Together We Can -- Newsletter of the Joan Karnell Cancer Center
 

Fall 2005

Putting Patients Back in the Center of their Care
Message From the Administrator
Understanding Computer Assisted Tomography
Cancer Risk Evaluation
Shiatsu Bodywork
Honors, Awards & Publications
 
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Understanding Computer Assisted Tomography (CT/CAT Scan)

Computer Assisted Tomography (CT or CAT) is a scan that provides anatomical information, which is used to differentiate abnormal from normal structures. It is often referred to as the “roadmap” of the body and is an important part of diagnosing, monitoring and treating patients with cancer.

A CT scanner is a special x-ray machine combined with a computer that produces cross-sectional images, or “slices” of any part of your head and/or body. Unlike the standard “flat” x-ray, where some organs can block out other structures, a CT scan sends shows structures within each slice on a three-dimensional surface. The scans are also used in surgical procedures to help accurately guide the placement of instruments or treatments.

Preparing for a CT Scan
Each type of CT scan has its own special preparations. The most frequently performed scans are head, chest, abdomen, and pelvis. Some scans require patients to drink a liquid prior to the study called a “contrast.” This makes it easier to see the organs, blood vessels, etc. on the pictures. If taking the liquid, patients are asked to refrain from eating and/or drinking for at least 2 hours prior to their scan. Some scans also require the contrast be administered intravenously prior to the scan. Your doctor or nurse will review the specific instructions for your CT scan.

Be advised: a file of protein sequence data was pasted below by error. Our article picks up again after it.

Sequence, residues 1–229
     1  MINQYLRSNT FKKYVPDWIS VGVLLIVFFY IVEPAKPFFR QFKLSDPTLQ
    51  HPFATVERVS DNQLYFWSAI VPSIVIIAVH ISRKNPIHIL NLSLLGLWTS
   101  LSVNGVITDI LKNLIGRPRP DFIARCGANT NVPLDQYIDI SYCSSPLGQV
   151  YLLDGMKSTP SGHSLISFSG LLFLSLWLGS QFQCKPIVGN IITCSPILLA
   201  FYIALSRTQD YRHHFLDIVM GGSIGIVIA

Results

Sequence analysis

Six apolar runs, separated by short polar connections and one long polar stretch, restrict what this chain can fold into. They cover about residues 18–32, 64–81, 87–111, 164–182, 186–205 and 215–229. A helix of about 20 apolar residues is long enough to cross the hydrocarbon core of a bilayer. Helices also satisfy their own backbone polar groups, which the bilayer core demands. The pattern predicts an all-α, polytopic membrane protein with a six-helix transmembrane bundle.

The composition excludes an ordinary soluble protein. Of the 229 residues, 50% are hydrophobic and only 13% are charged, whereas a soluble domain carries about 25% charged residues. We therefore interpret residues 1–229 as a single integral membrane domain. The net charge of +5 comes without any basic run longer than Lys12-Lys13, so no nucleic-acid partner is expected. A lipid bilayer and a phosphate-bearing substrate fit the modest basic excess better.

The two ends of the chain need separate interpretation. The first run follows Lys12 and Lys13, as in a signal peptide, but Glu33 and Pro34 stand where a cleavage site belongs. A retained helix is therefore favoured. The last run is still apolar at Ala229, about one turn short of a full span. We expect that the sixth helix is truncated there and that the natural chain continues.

The scan takes approximately 10 to 30 minutes to complete. The length of times depends on the number of pictures and the different angles being taken. During this time, you will be asked to lie still on a table that moves through a round opening called a “gantry.” The CT scanner is open around you, does not come in contact with you, and is not confining. It should not be confused with the MRI scanner that is shaped more like a tunnel. Because X-rays are unable to pass through metal, you may be asked to remove jewelry, glasses, or clothing, which have zippers, snaps, etc.

Do people experience any reactions because of a CT scan?
Some individuals may need special blood tests when receiving the contrast intravenously. You should notify the technologist about previous allergies (especially to iodine), and previous reaction to X-ray dye, any renal problems, or diabetes. Most patients have no issues related to having a CT.

For more information, visit the Radiology at Pennsylvania Hospital web site or call 1-800-789-PENN (7366). You can also request an appointment online.

 


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Need an appointment? Request one online 24 hours/day, 7 days/week or call 800-789-PENN (7366) to speak to a referral counselor.

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